Each graduate program at the University of Nebraska-Lincoln, with input from the graduate faculty, establishes student learning outcomes, designs courses appropriate to achieving those outcomes, and assesses student achievement of those outcomes using methods appropriate to the discipline.
Levels and measures of assessment
Graduate outcomes assessment occurs on three levels:
- Course level: learning objectives for individual courses
- Program level: through graduate program review
- Institutional level
Both direct and indirect measures are used as a means to assessing graduate student outcomes. For the most part, measures to assess graduate outcomes (such as qualifying and comprehensive exams, graduate seminar presentations, publications, and the thesis/dissertation defense) are embedded into graduate education.
Additional methods of assessment
- The Annual Review Process (APR) allows the University to assess the effectiveness of a graduate program.
- Annual Graduate Program Profile Reports provide data for each graduate program, including quality indicators for applying, admitting, and enrolling students as well as enrollment. A rolling five-year average for each program is made available to graduate program chairs, department chairs/ heads, deans, and associate deans.
- Academic Progress Reports allow graduate programs to track student academic progress by gathering information on performance indicators such as time-to-degree, funding, and completion of certain milestones.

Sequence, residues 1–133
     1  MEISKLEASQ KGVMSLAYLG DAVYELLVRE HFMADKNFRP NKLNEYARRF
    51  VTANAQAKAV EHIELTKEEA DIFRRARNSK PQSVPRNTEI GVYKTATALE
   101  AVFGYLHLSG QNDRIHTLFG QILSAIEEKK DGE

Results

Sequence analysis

- Annual Graduate Student Exit Survey measures students' opinions about their experiences at the University and the graduate program. The Graduate Exit Survey is administered through SurveyMonkey.com three times each year. All Master's and doctoral students at the University of Nebraska Lincoln are asked to participate in the Graduate School Exit Survey immediately following their graduate commencement. The survey consists of 27 to 32 questions, depending on the degree program and experience (e.g., students who were teaching assistants (TAs) are presented with additional follow-up questions). Students are asked about their overall satisfaction with their academic experience and professional development, quality of mentoring, and career plans. Nine broad learning outcomes related to graduate education are also identified and students are asked to indicate the level of preparation provided by their graduate program.
Graduate program outcomes assessment: Representative examples
Faculty in the Masters of Business Administration adopted a program mission statement that explicitly incorporates ethical leadership, and new learning outcomes (and metrics) are being developed to be included in all MBA course syllabi.
The Graduate Program Review Committee conducted an internal review of the Chemistry graduate program. As a result, changes to program completion requirements were implemented and a new graduate specialization in Chemistry Teaching at the Postsecondary Level was developed and approved.